BP Investigation Focuses on 7 Control Mechanisms
BP announced Tuesday that its internal investigation team began sharing initial perspectives of its review of the causes of the tragic Deepwater Horizon fire and oil spill.
The investigation is a fact-finding effort that has not reached final conclusions, but has identified various issues for further inquiry. BP has shared these early perspectives with the Department of the Interior and will do so with all official regulatory inquiries into the accident as requested.
This is an internal investigation. There is extensive further work to do - including further interviews, and in addition full forensic examinations of the Blow Out Preventer (BOP), the wellhead, and the rig itself - all of which are still currently on the sea bed. The internal investigation was launched on April 21, 2010 and is being conducted by BP's Head of Group Safety and Operations. He has an independent reporting line to the Group Chief Executive.
The investigation team's work thus far shows that this accident was brought about by the failure of a number of processes, systems and equipment. There were multiple control mechanisms - procedures and equipment - in place that should have prevented this accident or reduced the impact of the spill: the investigation is focused on the following seven mechanisms.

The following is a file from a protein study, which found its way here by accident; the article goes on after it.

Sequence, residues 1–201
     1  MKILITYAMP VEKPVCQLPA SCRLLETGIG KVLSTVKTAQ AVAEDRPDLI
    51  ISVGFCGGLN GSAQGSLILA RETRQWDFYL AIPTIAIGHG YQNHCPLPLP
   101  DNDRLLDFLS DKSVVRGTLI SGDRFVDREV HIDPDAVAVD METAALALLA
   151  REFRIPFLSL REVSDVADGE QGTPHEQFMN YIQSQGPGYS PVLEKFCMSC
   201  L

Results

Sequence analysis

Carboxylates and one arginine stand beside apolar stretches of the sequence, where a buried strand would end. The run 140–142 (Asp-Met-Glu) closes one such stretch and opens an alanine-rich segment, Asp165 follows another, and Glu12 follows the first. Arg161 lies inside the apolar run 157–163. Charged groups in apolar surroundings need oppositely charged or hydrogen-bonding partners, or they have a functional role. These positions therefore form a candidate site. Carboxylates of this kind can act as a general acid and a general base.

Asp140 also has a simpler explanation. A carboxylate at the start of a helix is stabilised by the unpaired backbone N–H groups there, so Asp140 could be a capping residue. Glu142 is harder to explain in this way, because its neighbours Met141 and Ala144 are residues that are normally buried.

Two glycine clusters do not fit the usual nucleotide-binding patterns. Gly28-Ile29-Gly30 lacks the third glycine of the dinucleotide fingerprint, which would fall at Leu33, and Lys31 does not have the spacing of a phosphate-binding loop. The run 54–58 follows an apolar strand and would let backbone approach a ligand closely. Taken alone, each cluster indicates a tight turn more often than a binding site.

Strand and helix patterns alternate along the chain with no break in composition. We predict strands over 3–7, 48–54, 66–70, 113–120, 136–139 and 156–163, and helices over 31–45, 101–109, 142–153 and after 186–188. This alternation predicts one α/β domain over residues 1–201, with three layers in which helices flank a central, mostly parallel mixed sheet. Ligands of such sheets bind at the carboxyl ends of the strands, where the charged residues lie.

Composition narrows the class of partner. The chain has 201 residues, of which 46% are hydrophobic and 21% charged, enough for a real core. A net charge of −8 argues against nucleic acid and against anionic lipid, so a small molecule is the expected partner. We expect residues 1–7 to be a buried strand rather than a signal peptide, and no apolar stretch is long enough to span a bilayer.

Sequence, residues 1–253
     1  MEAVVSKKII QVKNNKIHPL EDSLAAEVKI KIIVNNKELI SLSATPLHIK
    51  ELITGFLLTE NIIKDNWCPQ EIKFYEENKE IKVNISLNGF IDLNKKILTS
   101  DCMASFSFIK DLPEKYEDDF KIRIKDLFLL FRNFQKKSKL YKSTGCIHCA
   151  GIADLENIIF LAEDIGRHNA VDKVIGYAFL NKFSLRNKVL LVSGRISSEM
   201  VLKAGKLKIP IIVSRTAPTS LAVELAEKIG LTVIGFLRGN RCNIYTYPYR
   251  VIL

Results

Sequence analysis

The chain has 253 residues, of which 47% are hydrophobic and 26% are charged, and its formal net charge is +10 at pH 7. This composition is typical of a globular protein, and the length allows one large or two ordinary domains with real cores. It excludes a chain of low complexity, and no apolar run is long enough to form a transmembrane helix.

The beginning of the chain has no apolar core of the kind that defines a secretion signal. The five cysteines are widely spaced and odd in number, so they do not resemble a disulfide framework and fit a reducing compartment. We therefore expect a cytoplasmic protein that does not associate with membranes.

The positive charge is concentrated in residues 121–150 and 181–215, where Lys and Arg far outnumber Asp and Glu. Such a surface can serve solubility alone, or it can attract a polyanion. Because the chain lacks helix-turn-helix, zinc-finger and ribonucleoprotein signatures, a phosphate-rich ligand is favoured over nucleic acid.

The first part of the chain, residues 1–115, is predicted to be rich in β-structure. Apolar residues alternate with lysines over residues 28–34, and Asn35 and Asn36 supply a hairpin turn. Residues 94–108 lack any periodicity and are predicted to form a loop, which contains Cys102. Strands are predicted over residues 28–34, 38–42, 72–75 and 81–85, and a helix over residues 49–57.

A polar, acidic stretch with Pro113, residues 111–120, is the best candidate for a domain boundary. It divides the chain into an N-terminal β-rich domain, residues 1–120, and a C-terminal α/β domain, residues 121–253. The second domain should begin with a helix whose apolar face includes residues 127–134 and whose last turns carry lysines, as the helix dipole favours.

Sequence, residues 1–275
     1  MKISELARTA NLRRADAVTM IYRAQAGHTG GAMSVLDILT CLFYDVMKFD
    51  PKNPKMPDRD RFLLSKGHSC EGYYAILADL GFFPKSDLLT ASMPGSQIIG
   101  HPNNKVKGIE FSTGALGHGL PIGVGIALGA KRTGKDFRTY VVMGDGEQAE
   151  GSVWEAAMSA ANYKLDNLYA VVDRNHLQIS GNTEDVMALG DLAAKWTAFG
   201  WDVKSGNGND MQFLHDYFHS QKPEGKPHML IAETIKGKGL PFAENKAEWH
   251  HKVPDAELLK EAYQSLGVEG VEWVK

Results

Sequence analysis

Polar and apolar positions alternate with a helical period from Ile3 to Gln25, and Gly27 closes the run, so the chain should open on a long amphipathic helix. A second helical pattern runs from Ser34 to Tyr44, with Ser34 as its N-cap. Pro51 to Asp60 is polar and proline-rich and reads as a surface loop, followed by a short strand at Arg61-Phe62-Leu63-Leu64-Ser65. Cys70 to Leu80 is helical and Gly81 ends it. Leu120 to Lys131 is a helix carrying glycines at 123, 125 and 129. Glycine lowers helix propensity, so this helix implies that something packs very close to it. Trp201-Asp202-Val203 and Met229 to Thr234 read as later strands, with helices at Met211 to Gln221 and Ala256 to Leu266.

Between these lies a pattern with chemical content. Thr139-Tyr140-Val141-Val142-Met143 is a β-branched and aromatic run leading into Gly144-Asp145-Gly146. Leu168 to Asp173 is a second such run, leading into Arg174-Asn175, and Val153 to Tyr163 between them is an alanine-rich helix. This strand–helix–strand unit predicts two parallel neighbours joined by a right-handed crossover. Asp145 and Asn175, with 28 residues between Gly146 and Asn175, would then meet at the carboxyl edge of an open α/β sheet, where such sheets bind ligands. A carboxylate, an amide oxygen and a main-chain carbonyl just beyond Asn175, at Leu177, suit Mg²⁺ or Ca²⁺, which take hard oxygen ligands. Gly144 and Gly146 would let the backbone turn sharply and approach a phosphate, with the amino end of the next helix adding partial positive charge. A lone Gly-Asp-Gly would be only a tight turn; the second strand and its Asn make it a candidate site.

- The cement that seals the reservoir from the well;
- The casing system, which seals the well bore;
- The pressure tests to confirm the well is sealed;
- The execution of procedures to detect and control hydrocarbons in the well, including the use of the BOP;
- The BOP Emergency Disconnect System, which can be activated by pushing a button at multiple locations on the rig;
- The automatic closure of the BOP after its connection is lost with the rig; and
- Features in the BOP to allow Remotely Operated Vehicles (ROV) to close the BOP and thereby seal the well at the seabed after a blow out.
"I understand people want a simple answer about why this happened and who is to blame. The honest truth is that this is a complex accident, caused by an unprecedented combination of failures," said Chief Executive Tony Hayward. "A number of companies are involved, including BP, and it is simply too early - and not up to us - to say who is at fault."
"This is a basic summary of the facts as gathered by the investigation team to date. A lot remains unknown, but we hope that the briefings will help the government's inquiries. This was a tragic accident and we need to understand the causes of it to try to ensure that nothing like it ever happens again."